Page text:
The process of assigning seeds and creating matchups for the NCAA men’s basketball tournament is a complex one. The selection committee uses a specific algorithm to determine who sits where, who goes where and why. And then the next 24 hours is spent trying to explain itself to those wanting answers.
Every once in a while, the computer spits out a matchup that brings a wide smile to everyone’s face, makes you wonder if it was done for a specific purpose or just resulted from pure luck.
Is there any college basketball fan in the United States who didn’t say yippee when Louisville and Minnesota were paired in a 7-10 game in the East region on Thursday in Des Moines, Iowa?
You want a soap opera? Does it get any better than Minnesota coach Richard Pitino getting a crack at the school his father, Rick, is currently suing for $40 million for firing him two years ago?
We didn’t think so.
When the pairing was announced, the Minnesota Star-Tribune described Richard Pitino’s reaction as “a brief open-mouthed stare, followed by and awkward grin. His arms remained crossed for a few seconds while his players clapped and shouted about. …making the tournament for the second time in three years.”
Rick Pitino, the Hall of Fame coach, who won the 2013 national championship at Louisville, was dismissed in October 2017 by the university – and the title vacated – as a part of NCAA penalties assigned to the school for recruiting violations and sex parties held at the men’s basketball dormitory.
There’s more: Rick Pitino has promised to “kill Louisville” at the upcoming trial for breach of contract. Forced to seek work in Greece last winter, he claims the publicity over the scandal has made it impossible for him to find work in the United States.
“Their inferences make me look guilty,” Pitino wrote of Louisville’s approach. “It really doesn’t matter anymore, but I’ll tell you 100 percent the God’s honest truth, I’m the cleanest guy in college basketball but also the dumbest for trusting people to follow my beliefs.”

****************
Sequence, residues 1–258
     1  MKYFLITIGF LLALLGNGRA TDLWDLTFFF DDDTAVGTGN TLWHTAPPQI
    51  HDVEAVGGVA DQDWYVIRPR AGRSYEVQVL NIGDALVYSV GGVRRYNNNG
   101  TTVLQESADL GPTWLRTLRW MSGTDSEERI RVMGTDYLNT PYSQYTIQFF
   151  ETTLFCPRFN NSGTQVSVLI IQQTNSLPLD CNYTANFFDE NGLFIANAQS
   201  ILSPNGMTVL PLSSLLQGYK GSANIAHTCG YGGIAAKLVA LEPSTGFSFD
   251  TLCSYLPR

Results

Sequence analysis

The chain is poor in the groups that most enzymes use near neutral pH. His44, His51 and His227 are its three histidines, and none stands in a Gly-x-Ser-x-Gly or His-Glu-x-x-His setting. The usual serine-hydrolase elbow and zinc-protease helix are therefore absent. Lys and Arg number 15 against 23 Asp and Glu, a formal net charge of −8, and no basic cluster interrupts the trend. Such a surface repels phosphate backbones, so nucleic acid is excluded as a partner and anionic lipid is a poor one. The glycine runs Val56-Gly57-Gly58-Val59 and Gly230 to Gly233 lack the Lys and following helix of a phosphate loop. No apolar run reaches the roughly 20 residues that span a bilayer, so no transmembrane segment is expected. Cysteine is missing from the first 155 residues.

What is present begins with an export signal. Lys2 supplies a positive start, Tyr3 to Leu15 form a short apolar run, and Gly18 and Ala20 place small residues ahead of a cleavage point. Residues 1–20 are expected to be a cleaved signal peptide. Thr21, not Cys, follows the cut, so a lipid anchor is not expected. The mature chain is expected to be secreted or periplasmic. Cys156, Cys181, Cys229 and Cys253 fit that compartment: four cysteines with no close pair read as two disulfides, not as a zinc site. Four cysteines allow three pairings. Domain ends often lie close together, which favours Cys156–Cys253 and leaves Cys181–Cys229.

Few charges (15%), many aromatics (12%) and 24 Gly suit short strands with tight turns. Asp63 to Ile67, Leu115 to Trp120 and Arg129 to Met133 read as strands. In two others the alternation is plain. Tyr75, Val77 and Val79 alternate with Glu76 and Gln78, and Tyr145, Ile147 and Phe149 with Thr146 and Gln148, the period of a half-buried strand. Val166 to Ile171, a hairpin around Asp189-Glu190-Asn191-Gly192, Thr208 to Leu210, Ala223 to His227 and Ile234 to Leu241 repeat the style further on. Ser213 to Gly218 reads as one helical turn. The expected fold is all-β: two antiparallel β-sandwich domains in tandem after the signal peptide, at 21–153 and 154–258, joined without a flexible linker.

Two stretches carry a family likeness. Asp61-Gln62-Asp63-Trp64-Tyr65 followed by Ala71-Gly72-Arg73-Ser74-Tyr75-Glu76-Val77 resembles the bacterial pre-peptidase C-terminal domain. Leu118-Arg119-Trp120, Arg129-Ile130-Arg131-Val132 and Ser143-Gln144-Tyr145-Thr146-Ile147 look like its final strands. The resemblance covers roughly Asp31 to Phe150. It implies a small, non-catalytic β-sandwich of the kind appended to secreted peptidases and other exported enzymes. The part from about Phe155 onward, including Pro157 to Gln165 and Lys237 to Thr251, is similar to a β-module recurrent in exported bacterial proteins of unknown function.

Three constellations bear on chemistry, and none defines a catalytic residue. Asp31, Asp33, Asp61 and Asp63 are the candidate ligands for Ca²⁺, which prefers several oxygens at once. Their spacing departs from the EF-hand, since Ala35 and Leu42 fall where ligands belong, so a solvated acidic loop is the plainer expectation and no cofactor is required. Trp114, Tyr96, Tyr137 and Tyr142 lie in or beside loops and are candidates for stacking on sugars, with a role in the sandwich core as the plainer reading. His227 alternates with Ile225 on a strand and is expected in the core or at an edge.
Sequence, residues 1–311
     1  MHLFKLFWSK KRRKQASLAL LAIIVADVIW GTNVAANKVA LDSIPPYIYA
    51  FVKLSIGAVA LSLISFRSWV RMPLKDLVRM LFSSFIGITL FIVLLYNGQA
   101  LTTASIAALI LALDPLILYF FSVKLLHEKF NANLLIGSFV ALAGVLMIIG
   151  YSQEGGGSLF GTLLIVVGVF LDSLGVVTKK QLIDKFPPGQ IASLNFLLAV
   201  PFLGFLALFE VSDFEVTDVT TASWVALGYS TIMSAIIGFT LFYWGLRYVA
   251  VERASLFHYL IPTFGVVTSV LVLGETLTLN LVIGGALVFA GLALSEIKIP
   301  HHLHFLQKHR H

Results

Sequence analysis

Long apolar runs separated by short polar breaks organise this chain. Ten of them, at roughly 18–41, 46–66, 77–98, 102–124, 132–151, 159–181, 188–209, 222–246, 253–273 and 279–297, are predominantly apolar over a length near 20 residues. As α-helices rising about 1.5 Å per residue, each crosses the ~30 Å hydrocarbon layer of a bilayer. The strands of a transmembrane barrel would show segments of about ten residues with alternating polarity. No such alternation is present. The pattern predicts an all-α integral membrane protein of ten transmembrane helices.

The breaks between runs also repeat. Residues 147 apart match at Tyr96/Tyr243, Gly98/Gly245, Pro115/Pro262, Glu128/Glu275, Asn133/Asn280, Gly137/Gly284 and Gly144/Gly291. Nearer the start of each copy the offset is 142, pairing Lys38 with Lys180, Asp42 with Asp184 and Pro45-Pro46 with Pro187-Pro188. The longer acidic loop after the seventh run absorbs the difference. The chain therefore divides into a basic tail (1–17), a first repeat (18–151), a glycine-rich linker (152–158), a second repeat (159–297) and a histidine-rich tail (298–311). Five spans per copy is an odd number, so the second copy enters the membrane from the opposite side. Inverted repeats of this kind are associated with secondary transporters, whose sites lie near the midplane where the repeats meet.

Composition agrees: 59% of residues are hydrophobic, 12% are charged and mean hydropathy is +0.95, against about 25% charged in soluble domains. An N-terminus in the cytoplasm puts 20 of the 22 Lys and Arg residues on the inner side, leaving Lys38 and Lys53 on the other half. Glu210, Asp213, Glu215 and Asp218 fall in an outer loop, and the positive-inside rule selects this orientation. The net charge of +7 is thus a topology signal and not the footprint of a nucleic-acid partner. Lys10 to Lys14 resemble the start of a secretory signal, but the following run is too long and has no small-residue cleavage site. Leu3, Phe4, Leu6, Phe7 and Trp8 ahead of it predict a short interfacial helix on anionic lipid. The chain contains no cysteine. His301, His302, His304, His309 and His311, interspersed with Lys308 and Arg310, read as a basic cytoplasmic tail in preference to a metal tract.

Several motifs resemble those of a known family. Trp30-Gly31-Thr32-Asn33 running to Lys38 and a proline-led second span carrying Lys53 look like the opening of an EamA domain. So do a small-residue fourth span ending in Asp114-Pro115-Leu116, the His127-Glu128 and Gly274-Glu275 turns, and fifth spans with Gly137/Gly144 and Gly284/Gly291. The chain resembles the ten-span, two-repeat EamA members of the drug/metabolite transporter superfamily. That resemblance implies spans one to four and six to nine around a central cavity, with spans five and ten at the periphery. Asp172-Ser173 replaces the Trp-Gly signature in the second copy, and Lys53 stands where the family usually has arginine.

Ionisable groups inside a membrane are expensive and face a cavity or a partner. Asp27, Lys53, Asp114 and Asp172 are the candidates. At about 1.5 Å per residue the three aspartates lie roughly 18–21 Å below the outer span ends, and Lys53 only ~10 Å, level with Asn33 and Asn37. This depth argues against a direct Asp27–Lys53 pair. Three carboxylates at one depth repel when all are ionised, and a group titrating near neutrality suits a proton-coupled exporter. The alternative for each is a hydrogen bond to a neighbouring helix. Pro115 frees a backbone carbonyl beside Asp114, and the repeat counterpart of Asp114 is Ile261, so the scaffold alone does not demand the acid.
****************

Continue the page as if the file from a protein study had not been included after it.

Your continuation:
Meanwhile, a prominent Louisville alum isn’t too happy about this delicious meeting of the minds.
“The NCAA showed a lack of class matching Louisville vs Minnesota in the first round of the NCAA tournament,” former U of L star Jerry Eaves Tweeted. “I believe it’s unfair to Coach Pitino and Coach (Chris) Mack!”
We beg to differ. Who cares about how inconvenient the game might be for the two coaching staffs, who will be peppered with questions about how the scandal will impact the game?
Louisville-Minnesota, an otherwise hum-drum matchup in the first round, will now be perhaps the most interesting game played on Thursday or Friday. It’s intriguing. It’s sexy. It’s filled with drama. It reeks of revenge. Now that’s entertainment!
How this happened is a difficult question to answer. But one of the best reasons is the selection committee, which settled on Louisville as a 7 and Minnesota as a 10 to try and avoid repeating regular-season games and matchups between conference rivals before the Sweet 16. It also tries to keep teams relatively close to home whenever possible.
What’s also clear is this: The NCAA knew what the national reaction to a Louisville-Minnesota game would be – and still allowed it to happen. So consider it complicit.
“It’s not going to be about me. I’m not going to be: ‘It’s revenge’ or anything like that. It’s about our players, it’s about this program. We worked really, really hard to put ourselves in position to be one of the 19 percent that gets to make the NCAA tournament in college basketball.”
It would be nice if that was true. But if we assume Richard loves his father, and agrees Louisville did not treat his father fairly, one would think he’d love to kick its ass out of the tournament.
As you would expect, the Louisville Courier-Journal tried to reach Rick Pitino for comment in Athens, where he is coaching pro basketball. But they could not reach him or rely on anything juicy that was sent out on his twitter site, at least by early by Monday afternoon when he was congratulating Temple coach Fran Dunphy, now participating in his final NCAA Tournament.
Rick Pitino has a 770-269 record in a college career at Boston University, Providence, Kentucky and Louisville. He also went 192-220 in six seasons in the NBA with the Knicks and Celtics.